By GAIL LOWE
WAKEFIELD — An intensely difficult robotics puzzle designed by Wakefield students who are also members of the “We Are Robot” team took the spotlight at last night’s school board meeting when they demonstrated how the tricky puzzle could be solved within two-and-a-half minutes.
For their innovative efforts, the Wakefield team won top spot in the state robotics competition and will now head to St. Louis, Mo. next Wednesday, April 22, to compete in a national FIRST Robotics Competition (FIRST is an acronym for For Inspiration and Recognition of Science and Technology). This year’s theme is “Teaching and Learning.” The competition will be held in the Edward Jones Dome in St. Louis.
Representing the Galvin Middle School were students Sydney Yee and Calvin Yee. Preston Yee represented the high school, while Cole Kraus, a home-schooled freshman, demonstrated how the robot could solve the puzzle. All robotic moves are through visual programming, explained Lester Yee, coach for the team.
The results of the St. Louis competition will determine which team will represent the United States in an international competition.
Superintendent of Schools Dr. Stephen K. Zrike said that the robotic team “opened his eyes.”
“We are very proud of the We Are Robot team, as they have been excellent representatives of the Wakefield community. The robotics work combines all the elements of STEM, as students need to use their coding, programming, mathematics and engineering skill-set. Learning about their efforts has been an impetus for us to design a STE(A)M pathway in our schools. Our students are certainly ready. We Are Robot will be competing in St. Louis next week at an International competition given that we were identified as one of the national championships earlier this year. We wish them the very best!”
Coach Yee and his Assistant Coach Annette Dupon spoke at length last night about the competition and called it an “exciting time for the schools” because students from all over the country will be in St. Louis showing off their robotic prowess.
“There were 400 teams in Massachusetts,” said Yee. “Wakefield came out on top. Only 25 percent qualify.” He added that the Wakefield team was notified just before Christmas that they had won the state competition.
FIRST Robotics Competition (FRC) was founded by Dean Kamen, an inventor, entrepreneur and advocate for science and technology. According to his website, he is passionately determined to help young people discover the excitement and rewards of science and technology.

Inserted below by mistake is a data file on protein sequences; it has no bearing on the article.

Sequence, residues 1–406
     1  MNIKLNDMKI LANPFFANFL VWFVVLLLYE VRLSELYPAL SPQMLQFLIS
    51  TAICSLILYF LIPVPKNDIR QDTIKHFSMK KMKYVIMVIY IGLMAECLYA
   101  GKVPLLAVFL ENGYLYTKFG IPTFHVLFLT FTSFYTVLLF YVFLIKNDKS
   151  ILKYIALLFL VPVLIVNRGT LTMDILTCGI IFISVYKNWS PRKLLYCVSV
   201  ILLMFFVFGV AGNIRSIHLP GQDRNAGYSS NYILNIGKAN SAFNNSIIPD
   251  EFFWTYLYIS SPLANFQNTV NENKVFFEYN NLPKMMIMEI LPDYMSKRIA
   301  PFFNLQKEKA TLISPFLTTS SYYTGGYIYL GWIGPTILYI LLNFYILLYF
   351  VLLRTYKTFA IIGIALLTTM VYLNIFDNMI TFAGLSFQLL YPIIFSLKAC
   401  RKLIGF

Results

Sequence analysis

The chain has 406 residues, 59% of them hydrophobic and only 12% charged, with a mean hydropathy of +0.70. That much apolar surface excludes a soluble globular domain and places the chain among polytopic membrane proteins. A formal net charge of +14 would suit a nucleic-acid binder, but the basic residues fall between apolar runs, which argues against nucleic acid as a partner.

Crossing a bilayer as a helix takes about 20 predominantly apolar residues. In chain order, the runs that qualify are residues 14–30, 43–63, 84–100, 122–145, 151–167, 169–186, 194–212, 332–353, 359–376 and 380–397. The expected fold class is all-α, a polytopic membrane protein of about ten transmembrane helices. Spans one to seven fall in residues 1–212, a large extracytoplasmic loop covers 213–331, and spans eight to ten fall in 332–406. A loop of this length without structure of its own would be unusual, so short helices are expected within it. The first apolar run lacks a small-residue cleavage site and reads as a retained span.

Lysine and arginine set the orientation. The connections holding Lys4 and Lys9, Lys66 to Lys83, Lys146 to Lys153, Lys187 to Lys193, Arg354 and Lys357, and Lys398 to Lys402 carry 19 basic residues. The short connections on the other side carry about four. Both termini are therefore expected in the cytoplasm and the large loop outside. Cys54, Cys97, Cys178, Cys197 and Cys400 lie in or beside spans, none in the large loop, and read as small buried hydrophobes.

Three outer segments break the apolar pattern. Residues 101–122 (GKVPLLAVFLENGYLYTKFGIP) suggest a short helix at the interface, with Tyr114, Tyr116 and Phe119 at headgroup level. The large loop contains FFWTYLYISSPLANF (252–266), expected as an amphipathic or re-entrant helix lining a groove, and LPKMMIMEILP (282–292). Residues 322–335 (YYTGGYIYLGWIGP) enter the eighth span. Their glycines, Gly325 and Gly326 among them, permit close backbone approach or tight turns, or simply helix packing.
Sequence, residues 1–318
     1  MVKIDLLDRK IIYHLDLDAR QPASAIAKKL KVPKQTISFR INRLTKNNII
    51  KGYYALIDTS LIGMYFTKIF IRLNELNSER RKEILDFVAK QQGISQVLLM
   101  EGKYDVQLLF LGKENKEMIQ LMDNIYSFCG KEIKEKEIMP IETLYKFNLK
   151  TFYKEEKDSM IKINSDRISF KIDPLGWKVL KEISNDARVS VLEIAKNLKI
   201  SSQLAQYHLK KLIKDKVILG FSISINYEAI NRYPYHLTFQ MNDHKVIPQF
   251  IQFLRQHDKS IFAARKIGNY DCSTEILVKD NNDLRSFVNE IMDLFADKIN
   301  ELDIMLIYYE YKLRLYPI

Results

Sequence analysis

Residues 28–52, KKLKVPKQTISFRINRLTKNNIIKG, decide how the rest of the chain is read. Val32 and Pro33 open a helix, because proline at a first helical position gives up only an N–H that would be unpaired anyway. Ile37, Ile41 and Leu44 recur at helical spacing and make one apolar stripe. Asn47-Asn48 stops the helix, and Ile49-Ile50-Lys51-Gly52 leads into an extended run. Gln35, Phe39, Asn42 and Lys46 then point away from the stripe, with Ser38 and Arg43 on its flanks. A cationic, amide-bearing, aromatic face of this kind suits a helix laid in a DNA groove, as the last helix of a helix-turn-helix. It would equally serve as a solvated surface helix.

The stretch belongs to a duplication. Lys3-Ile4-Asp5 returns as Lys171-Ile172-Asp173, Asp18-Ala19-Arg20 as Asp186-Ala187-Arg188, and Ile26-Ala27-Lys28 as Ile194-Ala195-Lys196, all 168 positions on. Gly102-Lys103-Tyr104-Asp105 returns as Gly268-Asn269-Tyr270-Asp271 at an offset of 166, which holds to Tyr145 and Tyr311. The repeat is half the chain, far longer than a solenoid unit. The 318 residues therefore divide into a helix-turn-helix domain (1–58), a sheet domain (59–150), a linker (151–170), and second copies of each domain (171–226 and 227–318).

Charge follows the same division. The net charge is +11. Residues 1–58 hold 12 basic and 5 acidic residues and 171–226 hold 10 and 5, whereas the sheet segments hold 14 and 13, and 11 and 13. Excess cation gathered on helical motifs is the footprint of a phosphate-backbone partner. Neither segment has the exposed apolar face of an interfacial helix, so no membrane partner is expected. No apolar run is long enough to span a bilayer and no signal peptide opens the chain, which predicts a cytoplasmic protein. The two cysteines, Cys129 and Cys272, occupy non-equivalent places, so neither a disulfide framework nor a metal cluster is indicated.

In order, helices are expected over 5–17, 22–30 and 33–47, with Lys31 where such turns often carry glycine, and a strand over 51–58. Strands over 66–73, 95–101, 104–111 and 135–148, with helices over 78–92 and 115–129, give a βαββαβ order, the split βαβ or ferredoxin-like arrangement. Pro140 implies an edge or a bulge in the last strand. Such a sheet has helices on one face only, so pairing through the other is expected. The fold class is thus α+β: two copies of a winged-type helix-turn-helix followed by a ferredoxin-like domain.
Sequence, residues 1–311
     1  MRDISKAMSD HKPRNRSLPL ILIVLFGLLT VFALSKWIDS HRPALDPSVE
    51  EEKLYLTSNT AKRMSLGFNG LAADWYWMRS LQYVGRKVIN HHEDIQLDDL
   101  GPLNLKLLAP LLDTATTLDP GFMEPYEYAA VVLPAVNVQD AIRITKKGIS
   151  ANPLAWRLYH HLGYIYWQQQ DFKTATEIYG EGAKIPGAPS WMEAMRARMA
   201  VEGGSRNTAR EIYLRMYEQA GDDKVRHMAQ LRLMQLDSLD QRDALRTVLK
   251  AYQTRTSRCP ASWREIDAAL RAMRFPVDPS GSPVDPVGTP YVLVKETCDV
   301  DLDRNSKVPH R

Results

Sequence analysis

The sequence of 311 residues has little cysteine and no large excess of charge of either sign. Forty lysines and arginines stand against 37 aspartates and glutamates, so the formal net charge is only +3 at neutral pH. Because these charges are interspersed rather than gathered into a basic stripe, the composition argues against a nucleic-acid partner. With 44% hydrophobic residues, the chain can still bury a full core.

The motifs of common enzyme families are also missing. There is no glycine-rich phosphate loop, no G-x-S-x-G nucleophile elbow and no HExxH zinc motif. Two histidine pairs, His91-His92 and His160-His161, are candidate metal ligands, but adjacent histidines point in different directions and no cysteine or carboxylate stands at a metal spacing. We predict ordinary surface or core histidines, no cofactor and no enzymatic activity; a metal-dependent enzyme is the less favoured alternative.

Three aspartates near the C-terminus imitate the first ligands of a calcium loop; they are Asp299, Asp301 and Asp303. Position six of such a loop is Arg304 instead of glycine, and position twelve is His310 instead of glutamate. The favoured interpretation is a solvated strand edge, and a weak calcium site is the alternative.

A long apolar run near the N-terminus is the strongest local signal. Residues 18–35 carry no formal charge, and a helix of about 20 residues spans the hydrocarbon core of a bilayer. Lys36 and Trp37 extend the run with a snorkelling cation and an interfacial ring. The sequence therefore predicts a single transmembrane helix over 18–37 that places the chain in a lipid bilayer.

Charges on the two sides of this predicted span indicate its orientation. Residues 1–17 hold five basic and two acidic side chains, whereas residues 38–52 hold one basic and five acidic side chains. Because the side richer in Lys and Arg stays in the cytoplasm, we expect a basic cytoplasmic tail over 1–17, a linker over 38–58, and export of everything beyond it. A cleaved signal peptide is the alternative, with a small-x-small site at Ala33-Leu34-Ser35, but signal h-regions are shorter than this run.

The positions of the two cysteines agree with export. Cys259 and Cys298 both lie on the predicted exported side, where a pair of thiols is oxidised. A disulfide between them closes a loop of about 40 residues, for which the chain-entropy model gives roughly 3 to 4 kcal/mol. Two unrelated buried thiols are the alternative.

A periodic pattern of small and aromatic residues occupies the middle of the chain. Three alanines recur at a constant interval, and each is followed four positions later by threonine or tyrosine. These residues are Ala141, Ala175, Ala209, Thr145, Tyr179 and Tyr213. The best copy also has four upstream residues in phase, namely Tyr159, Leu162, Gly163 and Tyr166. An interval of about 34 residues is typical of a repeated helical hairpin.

Kamen refers to the puzzles that will be shown in the competition as an “engineering design problem that needs to be solved in an intense and competitive way.”
The FIRST Robotics Competition challenges teams of young people and their mentors to solve a common problem in a six-week timeframe using a standard “kit of parts” and a common set of rules. Teams build robots from the parts and enter them in competitions designed by Kamen, Dr. Woodie Flowers and a committee of engineers and other professionals. All parts of the puzzle are shipped to St. Louis for the competition.
The FIRST competition calls the puzzle “a unique varsity sport of the mind designed to help high-school-aged young people discover how interesting and rewarding the life of engineers and researchers can be.”
Kamen said, “FIRST is more than robots. The robots are a vehicle for students to learn important life skills. They often come in not knowing what to expect — of the program or of themselves. They leave, even after the first season with a vision, with confidence, and with a sense that they can create their own future.”
Three separate events will be held over the four-day competition: The FIRST Robotics Competition Championship, the FIRST Tech Challenge World Championship and the FIRST LEGO League World Festival. Also featured will be the Junior FIRST LEGO League World Festival Expo.
The event will be sponsored by well-known companies such as Microsoft, Bechtel Corporation, the Dow Chemical Company and Edward Jones Foundation, among others. Other strategic partners include Boeing, 3M and NASA.